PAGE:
If the workers assigned to your project are not at the level you originally requested both verbally and in writing, or if your Service Level Agreement is not being fulfilled as agreed upon in terms of time and quality, it may be time to renegotiate your contract. Such factors should have been part of an initial verbal agreement and contract, but since only hindsight is perfect — renegotiate your contract now!
1) Are you getting the level of experience you asked for? If you discover, for example, a few weeks or months into an IT project, that you originally asked for a senior programmer (5+ years) and are being billed for such–but that the programmer you have been working with has only 3 years of experience and is extremely slow and inflexible, you want to obtain some kind of credit and better accountability going forward. Write it into the contract in more definitive language, and include what the penalty will be for such an oversight. You as a consumer have the right to get what you originally contracted for and were promised. Is a required training period being adhered to (in a call center campaign, for example)? Ask that a specific level of skill and work experience be documented as part of the contract. Since this request was not adhered to from the very beginning–although it was agreed upon–see if the company is willing to give you a credit or substantial discount, particularly if there have been problems that might not have occurred had you been assigned a more experienced programmer or worker. And–write that penalty or discount into the terms of the new contract.
2) Are you getting your money’s worth per hour? If the company is giving you less effort per hour than you know to be indicative of an hour’s work, find a way to put that in writing: build in an incentive for certain quality delivered on a certain schedule, and for work done in much fewer hours than you think is necessary–with good results, of course. Money (a bonus) is the best incentive, but a few companies have succeeded in creating effective incentives such as trips, restaurant dinners, or shopping sprees (see www.anyperk.com for ideas on how to do this in the U.S.; in a foreign country, ask managers what employees would like). By the way, incentives are better than penalties, but they work hand in hand as we discuss in “Motivating workers with bonuses or shortages”
3) Forgot to include checkpoints and reviews? Add them this time: include periodic virtual (Skype or phone) meetings to let everyone know what is going well and what needs to improve. If you include in your contract this simple review process– and how often such checkpoints or reviews will occur– your needs and intentions will be clearer. Be sure to include wording that lists exactly what you will be looking for–for example, number of hours spent, specific tasks accomplished, concrete suggestions made by the project manager and workers, improvements made since the last checkpoint, and what procedures are yet to be perfected. Put it in writing. Then, the outsourcing company and its employees will know your expectations and respect your standards.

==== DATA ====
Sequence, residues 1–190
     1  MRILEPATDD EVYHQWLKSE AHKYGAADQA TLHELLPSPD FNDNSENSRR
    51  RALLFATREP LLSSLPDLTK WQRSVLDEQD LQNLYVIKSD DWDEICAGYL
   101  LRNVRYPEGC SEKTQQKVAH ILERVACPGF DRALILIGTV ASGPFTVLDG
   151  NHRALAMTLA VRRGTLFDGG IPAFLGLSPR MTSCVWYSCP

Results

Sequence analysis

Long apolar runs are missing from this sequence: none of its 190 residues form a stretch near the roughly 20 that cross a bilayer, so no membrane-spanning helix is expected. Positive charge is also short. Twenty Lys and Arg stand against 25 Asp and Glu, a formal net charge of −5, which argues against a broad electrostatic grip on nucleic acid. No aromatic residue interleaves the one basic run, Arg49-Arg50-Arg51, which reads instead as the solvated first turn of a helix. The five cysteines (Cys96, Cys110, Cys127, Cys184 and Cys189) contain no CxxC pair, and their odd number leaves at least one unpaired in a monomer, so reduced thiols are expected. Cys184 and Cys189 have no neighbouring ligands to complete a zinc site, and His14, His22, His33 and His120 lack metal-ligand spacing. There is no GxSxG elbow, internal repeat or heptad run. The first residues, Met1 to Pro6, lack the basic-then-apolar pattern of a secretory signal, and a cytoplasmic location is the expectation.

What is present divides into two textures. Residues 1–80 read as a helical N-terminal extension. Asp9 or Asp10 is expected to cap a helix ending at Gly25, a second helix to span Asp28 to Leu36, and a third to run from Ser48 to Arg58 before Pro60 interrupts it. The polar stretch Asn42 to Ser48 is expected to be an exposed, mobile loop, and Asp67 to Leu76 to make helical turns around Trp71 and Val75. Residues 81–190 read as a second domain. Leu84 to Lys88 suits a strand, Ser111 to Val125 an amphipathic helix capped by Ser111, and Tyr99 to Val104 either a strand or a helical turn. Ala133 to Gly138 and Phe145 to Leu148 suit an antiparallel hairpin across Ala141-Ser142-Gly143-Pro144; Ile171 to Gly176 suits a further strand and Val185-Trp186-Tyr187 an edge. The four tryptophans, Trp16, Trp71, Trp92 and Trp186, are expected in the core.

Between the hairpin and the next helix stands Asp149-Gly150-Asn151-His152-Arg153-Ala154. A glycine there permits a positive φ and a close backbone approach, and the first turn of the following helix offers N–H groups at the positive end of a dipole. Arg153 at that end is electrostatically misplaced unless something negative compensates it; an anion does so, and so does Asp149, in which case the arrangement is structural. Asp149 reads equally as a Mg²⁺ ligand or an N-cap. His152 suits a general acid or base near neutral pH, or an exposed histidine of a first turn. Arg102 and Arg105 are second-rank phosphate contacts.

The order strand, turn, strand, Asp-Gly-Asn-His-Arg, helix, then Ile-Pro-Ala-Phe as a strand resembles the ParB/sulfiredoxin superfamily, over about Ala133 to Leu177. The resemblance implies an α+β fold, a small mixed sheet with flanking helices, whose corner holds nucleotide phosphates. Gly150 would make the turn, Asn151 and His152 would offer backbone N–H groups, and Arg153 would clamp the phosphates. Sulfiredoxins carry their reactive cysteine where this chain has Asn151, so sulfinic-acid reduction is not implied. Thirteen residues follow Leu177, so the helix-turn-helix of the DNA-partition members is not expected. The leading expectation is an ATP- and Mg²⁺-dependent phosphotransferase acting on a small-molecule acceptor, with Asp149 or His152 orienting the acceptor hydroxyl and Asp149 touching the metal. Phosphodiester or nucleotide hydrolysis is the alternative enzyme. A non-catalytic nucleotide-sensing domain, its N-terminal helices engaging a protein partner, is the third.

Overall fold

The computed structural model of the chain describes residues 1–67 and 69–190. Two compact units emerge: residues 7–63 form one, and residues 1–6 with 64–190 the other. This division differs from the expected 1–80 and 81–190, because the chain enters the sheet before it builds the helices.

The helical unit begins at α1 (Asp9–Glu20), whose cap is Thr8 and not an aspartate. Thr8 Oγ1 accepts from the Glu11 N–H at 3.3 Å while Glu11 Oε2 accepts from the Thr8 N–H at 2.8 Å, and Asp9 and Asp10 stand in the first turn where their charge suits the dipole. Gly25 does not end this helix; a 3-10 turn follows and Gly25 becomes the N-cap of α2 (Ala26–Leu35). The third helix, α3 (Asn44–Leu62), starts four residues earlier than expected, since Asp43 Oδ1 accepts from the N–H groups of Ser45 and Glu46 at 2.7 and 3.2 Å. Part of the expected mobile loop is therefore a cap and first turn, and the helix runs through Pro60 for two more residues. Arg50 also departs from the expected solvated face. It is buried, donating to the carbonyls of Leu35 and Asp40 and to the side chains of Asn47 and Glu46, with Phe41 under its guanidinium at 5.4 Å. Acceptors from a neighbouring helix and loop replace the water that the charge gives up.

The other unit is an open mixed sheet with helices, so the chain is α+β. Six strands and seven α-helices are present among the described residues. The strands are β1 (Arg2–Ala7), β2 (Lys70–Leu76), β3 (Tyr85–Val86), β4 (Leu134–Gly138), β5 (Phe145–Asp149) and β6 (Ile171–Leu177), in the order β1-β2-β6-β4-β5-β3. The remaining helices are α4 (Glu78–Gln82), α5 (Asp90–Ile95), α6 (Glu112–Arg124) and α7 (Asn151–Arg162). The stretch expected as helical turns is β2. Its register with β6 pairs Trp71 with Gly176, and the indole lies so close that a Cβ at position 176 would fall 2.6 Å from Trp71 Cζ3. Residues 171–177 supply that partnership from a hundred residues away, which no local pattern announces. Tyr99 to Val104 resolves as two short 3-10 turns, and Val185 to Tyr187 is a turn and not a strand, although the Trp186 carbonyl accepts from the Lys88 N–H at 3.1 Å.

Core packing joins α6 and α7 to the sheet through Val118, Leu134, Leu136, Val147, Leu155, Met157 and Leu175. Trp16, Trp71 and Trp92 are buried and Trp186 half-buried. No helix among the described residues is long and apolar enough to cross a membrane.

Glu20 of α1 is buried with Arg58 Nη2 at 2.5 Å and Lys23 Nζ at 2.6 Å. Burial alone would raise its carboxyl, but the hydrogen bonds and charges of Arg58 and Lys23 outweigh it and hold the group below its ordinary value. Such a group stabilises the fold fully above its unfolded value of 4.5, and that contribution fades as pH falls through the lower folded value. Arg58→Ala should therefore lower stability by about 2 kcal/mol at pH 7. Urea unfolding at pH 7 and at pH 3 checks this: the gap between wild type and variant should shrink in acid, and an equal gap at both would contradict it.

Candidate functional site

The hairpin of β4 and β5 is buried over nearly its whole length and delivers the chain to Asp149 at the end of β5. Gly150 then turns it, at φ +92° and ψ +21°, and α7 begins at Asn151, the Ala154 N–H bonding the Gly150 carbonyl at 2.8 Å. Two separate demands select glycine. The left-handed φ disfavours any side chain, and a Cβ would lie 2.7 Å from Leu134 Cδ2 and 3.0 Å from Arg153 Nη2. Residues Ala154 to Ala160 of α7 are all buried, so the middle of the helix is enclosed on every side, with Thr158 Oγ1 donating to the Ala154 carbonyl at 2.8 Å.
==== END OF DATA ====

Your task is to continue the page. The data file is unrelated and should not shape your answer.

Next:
4) Are there liability issues not covered by a contract that is essentially unfavorable to you? For example, if code is broken (IT), or the query system does not work (IT), or certain calls made by a call center on your behalf cause problems and actually cause you to lose business, be sure the rewritten contract states all terms in your favor as well as the outsourcing company’s. The standard contract may limit the company’s liability. Make sure the final contract asks the company to take a good look at what its negligence might cost if your business suffers. If the company is not willing to take responsibility for certain errors…you pretty much know what will happen if the contract-makers do not change their attitude.
5) Last but not least…your contract should include what party will mediate the contract if things do not improve. Again, this should have been part of the original contract. With a professional mediation organization such as mediate.com with mediators in every country, you may do better than with an international law firm such as perkinscoie.com with offices in both the U.S. and the outsourcer’s country. Remember: You do not want to get to the point of litigation…but you do need to consider how the contract will be mediated or brought to suit if needed. Otherwise, your company looks foolish and lacks the power needed to control the level of work you are getting from the company in the first place. If they realize you are savvy about litigation with a company in their country and have laid out all the possibilities, many issues will be solved in a professional manner from the very beginning. By the way: one tip so obvious you are likely to overlook it is to make sure the contract is bilingual. That way, no one can claim that certain points were not clear. Get someone to check the foreign language contract against yours (English) and make sure the agreements are the same in both languages. How did we think of this? We know of a case where the contract was substantially different in Chinese than in English. The company’s written contract, created and signed by them, was actually in several ways a different contract than the English version a U.S. company signed.
Good luck making your contract perfect the second time around. If at first you don’t succeed– do it again–or prepare to find another company to outsource to.
You might also like:
International contracts to watch out for
Precontracts for outsourcing: before the real contract!